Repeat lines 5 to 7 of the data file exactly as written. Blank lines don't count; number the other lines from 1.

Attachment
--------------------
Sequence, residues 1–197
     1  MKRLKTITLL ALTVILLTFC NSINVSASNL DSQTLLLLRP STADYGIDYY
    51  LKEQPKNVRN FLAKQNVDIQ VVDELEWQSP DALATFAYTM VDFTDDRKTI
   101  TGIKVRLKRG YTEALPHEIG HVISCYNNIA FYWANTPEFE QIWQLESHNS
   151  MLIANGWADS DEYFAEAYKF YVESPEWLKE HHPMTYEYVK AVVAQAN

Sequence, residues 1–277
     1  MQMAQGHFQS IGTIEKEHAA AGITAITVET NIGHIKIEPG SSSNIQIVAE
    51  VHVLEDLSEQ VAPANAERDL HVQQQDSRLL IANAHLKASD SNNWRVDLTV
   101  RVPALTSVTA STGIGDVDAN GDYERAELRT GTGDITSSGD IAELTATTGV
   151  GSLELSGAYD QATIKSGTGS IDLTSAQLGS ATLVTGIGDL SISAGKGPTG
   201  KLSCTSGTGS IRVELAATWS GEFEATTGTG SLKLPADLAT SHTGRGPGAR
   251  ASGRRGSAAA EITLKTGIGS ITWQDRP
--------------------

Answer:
   151  MLIANGWADS DEYFAEAYKF YVESPEWLKE HHPMTYEYVK AVVAQAN

Sequence, residues 1–277
     1  MQMAQGHFQS IGTIEKEHAA AGITAITVET NIGHIKIEPG SSSNIQIVAE